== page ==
Pacific Palisades – ISO 200, f8, (1/680, 1/170, 1/40) – Lossless
The debate between Lossless Compressed and uncompressed still rages on.
In this post, I tried to find if there was any discernable difference between the two and pretty much the results came back with some interesting conclusions.
Should you should lossless, or uncompressed?
It depends on the situation and more importantly, your camera.
There are a few things you should know about shooting with Lossless vs Uncompressed with your camera.
Uncompressed vs. Lossless Compressed
Before getting into the little details of Lossless Compressed vs Uncompressed there are a few big things you should know.
A lot of people will say “if you’re shooting Lossless there is no loss of information.” Yes and no but it really depends on the cameras.
Shooting With Sony
Sony cameras do not shoot Lossless Compressed, only compressed. This means on Sony if you decide to shoot compressed, you will always be losing information. If you’re a Sony shooter or thinking about switching to Sony, keep that in mind.
Shooting with Burst Modes | A Reduction of Bit Depth
If you decide to shoot with a Lossless compression, or with just a regular compression if you’re a Sony shooter, you need to know if you’re camera drops to 12-bit when bursting.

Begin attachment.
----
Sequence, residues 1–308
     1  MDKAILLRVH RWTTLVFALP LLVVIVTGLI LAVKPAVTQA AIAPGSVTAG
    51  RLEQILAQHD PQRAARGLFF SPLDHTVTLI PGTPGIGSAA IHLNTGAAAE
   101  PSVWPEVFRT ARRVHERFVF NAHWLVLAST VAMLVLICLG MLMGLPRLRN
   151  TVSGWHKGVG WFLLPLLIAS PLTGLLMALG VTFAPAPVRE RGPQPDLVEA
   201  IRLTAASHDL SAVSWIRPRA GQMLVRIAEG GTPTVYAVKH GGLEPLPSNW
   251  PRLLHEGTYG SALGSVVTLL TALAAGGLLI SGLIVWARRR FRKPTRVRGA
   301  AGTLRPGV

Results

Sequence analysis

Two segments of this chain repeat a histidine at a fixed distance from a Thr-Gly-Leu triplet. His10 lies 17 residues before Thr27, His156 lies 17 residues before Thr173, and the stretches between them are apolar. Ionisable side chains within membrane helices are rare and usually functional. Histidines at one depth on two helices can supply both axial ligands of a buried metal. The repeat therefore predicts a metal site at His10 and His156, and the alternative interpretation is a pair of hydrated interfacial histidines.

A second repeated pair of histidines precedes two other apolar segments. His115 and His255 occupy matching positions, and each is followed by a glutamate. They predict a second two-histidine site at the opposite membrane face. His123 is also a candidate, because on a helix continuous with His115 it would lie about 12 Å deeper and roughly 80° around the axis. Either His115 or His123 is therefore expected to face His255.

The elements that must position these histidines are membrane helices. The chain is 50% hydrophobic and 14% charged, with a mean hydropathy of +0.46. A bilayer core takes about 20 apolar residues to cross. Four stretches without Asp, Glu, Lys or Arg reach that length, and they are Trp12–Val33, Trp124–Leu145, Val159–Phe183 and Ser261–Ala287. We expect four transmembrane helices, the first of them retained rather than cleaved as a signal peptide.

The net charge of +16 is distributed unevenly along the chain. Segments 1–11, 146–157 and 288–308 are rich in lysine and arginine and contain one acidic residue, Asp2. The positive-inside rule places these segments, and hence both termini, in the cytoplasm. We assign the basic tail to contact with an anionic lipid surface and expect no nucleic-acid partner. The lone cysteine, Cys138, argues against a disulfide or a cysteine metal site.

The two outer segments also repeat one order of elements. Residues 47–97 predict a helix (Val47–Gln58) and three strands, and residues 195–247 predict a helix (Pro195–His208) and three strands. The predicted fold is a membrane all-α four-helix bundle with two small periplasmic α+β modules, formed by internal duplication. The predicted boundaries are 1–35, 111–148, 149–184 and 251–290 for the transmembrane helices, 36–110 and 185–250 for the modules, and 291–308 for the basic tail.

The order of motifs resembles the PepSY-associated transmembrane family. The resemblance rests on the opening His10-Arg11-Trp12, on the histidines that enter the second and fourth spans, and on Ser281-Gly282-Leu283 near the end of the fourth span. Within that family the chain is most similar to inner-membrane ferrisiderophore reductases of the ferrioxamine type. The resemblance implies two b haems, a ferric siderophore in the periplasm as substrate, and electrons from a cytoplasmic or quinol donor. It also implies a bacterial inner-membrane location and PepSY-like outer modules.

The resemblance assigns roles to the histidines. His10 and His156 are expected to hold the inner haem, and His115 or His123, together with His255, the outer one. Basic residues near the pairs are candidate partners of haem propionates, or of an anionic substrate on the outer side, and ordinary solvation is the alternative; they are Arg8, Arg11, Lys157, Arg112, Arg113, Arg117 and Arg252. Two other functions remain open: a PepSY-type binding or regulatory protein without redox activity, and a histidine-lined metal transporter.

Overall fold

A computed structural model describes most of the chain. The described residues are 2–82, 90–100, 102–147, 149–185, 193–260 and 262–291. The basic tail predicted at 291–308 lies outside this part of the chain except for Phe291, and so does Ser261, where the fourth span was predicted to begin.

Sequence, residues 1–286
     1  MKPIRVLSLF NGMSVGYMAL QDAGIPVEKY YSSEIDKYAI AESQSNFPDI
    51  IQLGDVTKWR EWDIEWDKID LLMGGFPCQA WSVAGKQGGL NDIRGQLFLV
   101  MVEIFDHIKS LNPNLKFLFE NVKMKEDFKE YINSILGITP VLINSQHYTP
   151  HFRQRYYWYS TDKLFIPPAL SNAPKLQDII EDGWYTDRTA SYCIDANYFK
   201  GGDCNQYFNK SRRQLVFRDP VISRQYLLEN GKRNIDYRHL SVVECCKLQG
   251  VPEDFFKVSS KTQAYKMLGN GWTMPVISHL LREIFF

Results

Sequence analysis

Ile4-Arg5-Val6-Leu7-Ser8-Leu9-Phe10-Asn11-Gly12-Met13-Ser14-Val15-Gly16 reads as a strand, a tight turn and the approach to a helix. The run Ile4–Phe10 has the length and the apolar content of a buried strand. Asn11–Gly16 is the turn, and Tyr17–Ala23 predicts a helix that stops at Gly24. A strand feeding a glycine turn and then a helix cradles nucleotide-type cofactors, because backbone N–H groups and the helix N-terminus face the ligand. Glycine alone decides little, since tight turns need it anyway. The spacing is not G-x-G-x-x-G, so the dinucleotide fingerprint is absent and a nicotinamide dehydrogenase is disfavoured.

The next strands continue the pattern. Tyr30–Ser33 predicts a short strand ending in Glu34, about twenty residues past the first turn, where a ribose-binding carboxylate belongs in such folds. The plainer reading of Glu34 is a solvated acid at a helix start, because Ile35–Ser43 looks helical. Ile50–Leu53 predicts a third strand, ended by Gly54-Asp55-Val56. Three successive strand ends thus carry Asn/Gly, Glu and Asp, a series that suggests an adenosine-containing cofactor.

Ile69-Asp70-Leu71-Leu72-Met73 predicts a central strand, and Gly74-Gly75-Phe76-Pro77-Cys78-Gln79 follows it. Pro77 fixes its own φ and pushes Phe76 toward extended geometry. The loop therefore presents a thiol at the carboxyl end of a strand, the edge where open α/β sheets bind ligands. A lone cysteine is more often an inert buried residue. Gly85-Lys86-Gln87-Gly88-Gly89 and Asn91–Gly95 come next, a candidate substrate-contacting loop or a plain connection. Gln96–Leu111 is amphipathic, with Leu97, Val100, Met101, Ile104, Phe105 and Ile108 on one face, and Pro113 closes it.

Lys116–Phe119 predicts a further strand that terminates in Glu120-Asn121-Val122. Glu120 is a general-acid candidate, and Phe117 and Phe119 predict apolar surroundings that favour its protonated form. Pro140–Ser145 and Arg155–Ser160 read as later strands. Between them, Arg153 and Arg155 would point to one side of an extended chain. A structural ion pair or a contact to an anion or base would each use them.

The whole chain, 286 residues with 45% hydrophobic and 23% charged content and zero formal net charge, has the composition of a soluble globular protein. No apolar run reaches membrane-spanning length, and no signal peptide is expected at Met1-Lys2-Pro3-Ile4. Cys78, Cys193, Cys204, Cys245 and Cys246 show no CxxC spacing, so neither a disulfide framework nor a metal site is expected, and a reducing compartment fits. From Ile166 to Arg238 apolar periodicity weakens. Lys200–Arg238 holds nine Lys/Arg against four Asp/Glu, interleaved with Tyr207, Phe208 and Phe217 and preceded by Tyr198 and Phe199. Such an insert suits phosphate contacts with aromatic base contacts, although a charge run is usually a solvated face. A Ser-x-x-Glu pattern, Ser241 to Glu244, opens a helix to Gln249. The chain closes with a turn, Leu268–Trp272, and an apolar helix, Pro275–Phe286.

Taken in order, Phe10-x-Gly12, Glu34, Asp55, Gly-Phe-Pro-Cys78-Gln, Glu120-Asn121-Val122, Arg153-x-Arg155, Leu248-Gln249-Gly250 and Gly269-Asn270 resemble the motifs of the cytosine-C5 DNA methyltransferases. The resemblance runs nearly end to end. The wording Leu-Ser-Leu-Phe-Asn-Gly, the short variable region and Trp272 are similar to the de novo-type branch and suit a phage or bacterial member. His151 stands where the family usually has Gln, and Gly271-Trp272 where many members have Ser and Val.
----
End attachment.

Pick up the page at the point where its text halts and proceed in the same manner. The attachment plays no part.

Some cameras like will drop from 14-bit to 12-bit when bursting with any compression vs Uncompressed. Even though you’re shooting Lossless, you will get a loss of information because of that drop in bit depth. A lot of the high megapixel slower FPS cameras maintain their 14-bit, but you will need to check your camera to see if it can burst without dropping bit depth.
So there is one case right there why Lossless Compressed might be worst than Compressed.
Usually, you can find out if you’re camera does a bit depth drop by just searching in Google. Someone will most likely be talking about it in the forums.
Uncompressed Stats – Based on Fujifilm X-T2
Uncompressed captures 14-bits per pixel, which creates RAW files that are roughly 50.6MB.
Lossless Stats – Based on Fujifilm X-T2
Lossless captures 14-bits per pixel but compressed the data creates RAW files that are roughly 24.9MB.
Shooting uncompressed creates files that are roughly 100% larger in file size.
Importing Into Lightroom
I set up a camera and recording at 60fps the time it took to import 50 photos into Lightroom.
I’m running a Macbook Pro with 1TB of PCIe flash memory. Lightroom is 2016.6.1 and Camera Raw 9.6.
Importing Uncompressed took: 10 seconds 5 frames or 10.08 seconds.
Importing Lossless took: 8 seconds 53 frames or 8.88 seconds.
This means lossless imports into Lightroom 11.91% faster than uncompressed. Doesn’t seem like much but scale it over 1,000 photos and you could save a little bit of time.
File Handling In Lightroom
For this test, I wanted to see which format, uncompressed or lossless performs better once in Lightroom.
Photo Ready Time
What I did was I set the first photo to Provia as the color profile and synced it to the other 49 files. I would then click through the files to see which loaded quicker, uncompressed or lossless.